The feeling started in my abdominals one morning last week. I sat up fast, suddenly aware of loudly ringing bells—phone alarm—and put hand to stomach. But it wasn’t terror or intuition or regret I was feeling in my gut (well, maybe a little regret). Swinging my legs out over the floor, it hit the adductor muscles in my upper thighs. I hadn’t walked three steps toward the coffeemaker, when my hamstrings were stricken, and I wanted to limp. Lifting a pitcher of cold water, I became aware of my shoulder—now burning—and it spread to my trapezius. Questions flashed across my sleep-weary mind. Did I drink too much last night? Is the start of some horrible flu? And, worst of all, Is this what getting old feels like?
As the fog of sleep cleared, though, I realized that these full-body, deep-muscle aches must be coming from my first week in what was already shaping up to be a hellish six-week trial run at CrossFit. If you’ve never heard of it, CrossFit is a wildly popular non-specialized fitness program that uses universal movements to promote overall health. Sound confusing?
Essentially, the idea is to tap into a very primal kind of fitness, one that is full-body and includes movements—squatting, running, jumping, throwing, pulling and picking things up—that humans have been performing for thousands of years, since well before the invention of weight machines, gyms, protein shakes, vitamins, supplements and the like, and which they still perform frequently in everyday life. Each day, CrossFitters do a Workout of the Day—or WOD (pronounced “wad”)—that consists of some combination of “constantly varied functional movements at high intensity.” What that means is no two days are the same, each one combines weight training with gymnastic drills and endurance conditioning, and most every workout is timed for speed, encouraging you to run faster and perform more squats and pull-ups in less time. This is no-holds-barred, balls-to-the-wall fitness.
Here, a motivational—and, yes, intense—overview:
I am not a gym guy. Not anymore, that is. There were a few (admittedly dark) years where I would go to a gym four or five days a week and, in the sweaty-stale air of a fluorescent-lit space, isolate and wail on some small subset of muscles—pecs or biceps or shoulders—while vainly watching them flex in the mirror. Then, about six years ago, I swore off gyms forever. I wanted all of my exercise to be either outside, in nature—running, hiking, biking, paddling, skiing—or simple, bodyweight exercises like push-ups and pull-ups. I wasn’t going to gain muscle bulk, but I would have lean, functional muscle. So why would I take on CrossFit, a primarily indoor program that uses dumbbells and bars on an almost daily basis?
Here’s why: 1) I like its focus on functional movements that engage many muscles at once, rather than fooling around with silly, muscle-isolating exercises like bicep curls, 2) I want a full-body workout every time, 3) I thought because the workouts were so intense that they were very short (sort of like Five-Minute Abs, ya know?), 4) I figured the high-intensity nature would be a crazy challenge, since I’m a casual endurance athlete who tends to stick to low-intensity exercise for long periods, and 5) I honestly thought I wouldn’t like it. Look, CrossFitters are, well, intense. Have you seen them swinging from chin-up bars, doing hand-stand push-ups and rolling giant tractor tires like Rocky prepping for his fight with Ivan in Rocky IV? It’s just not my style. But, because I’m an endurance athlete, I’m also a masochist, which means that doing something painful (whether physically or mentally so) in the name of fitness is right up my alley. Weird, I know.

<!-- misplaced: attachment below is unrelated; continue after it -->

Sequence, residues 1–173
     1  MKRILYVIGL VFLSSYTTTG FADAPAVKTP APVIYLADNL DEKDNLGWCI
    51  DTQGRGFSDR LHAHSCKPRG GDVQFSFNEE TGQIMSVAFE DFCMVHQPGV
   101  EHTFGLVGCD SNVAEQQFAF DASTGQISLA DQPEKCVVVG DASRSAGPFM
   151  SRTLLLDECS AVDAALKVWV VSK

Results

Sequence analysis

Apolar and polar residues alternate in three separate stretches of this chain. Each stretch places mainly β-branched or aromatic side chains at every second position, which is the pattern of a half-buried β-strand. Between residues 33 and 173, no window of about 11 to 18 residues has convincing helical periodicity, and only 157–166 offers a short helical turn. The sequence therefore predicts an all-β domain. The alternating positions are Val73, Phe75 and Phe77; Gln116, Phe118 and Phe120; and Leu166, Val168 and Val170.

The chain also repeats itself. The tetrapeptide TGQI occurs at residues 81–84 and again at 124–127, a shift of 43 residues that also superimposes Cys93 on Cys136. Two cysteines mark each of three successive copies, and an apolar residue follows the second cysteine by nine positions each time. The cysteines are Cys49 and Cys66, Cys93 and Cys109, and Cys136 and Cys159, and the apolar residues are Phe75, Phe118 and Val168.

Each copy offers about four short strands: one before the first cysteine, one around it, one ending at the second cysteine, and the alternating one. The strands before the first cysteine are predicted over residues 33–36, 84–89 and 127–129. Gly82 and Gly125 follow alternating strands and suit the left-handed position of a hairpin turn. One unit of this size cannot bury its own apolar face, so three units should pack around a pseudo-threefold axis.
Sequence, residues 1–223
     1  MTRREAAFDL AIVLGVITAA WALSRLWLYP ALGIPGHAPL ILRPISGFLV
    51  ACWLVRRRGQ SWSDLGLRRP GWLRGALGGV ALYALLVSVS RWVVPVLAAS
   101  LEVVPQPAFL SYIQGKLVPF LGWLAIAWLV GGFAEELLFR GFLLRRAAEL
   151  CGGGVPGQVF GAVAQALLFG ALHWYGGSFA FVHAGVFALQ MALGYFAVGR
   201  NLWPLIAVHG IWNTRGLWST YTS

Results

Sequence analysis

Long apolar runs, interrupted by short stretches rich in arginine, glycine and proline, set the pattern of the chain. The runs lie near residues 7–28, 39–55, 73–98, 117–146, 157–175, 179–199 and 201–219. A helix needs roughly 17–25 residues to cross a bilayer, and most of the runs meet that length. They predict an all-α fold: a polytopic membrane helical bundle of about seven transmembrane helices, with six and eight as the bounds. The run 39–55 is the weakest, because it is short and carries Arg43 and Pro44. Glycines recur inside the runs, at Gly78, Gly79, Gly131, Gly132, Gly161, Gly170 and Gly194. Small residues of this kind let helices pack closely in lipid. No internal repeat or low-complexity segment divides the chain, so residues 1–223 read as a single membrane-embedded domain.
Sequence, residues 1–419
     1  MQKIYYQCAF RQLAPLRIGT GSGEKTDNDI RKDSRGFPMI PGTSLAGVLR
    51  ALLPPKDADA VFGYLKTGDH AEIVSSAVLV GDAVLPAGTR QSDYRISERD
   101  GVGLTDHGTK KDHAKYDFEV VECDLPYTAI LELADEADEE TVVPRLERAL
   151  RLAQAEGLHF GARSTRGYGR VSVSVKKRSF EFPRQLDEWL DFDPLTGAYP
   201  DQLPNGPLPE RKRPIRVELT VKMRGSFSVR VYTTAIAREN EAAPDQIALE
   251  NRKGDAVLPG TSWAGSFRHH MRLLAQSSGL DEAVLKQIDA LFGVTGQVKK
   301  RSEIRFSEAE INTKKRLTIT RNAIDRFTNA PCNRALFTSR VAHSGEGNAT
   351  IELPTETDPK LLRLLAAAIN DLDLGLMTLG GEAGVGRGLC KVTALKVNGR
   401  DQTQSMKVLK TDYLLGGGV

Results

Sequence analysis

Now I’m two classes into a six-week program at CrossFit South Brooklyn, which I found in a Google search. Like all CrossFit gyms, it starts recruits like me out in a six-class introductory program (CrossFit South Brooklyn calls it Foundations; others use On-Ramp, Elements and similar terms), meant to teach you basic proficiency in all of the movements associated with CrossFit, from jumping rope (“channel your inner 14-year-old girl,” says our trainer, Josh) to kettlebell swings, burpees and variations of squats and jerks. Our tiny class—just four people—is considered a full group for such a class. That's because it takes that much focus and individual attention to nail proper form before you join a regular CrossFit group glass (hopefully at a more humane hour than the current 5:50am). That is, before you start lifting the heavy, back-breaking weights. And to think I'm this sore already.
• 270m run
• 3 sets each at 21, 15 and 9 reps of:
• 270m run
*This workout was timed, and establishes a sort of benchmark of fitness. My time was 8:42.
Workout (WOD) (5x)
• 30 seconds of kettlebell swings
• 30 seconds tall plank
About the Project: The Active Times' Fad Fitness Challenge is a six-week-long project in which five hapless writers will immerse themselves in five popular fitness programs—CrossFit, Insanity, Barre, Flywheel and Kettlebell classes—for the dual purposes of getting in shape and evaluating them for our readers. We guinea pigs will bust our butts, burn calories and discover muscles we'd long since mothballed and, if all goes well, emerge into the New Year with a well-rounded perspective of the top fitness fads. Check back every weekday from now until the New Year to come along for the ride without breaking a sweat. Click here to check out the rest of the programs.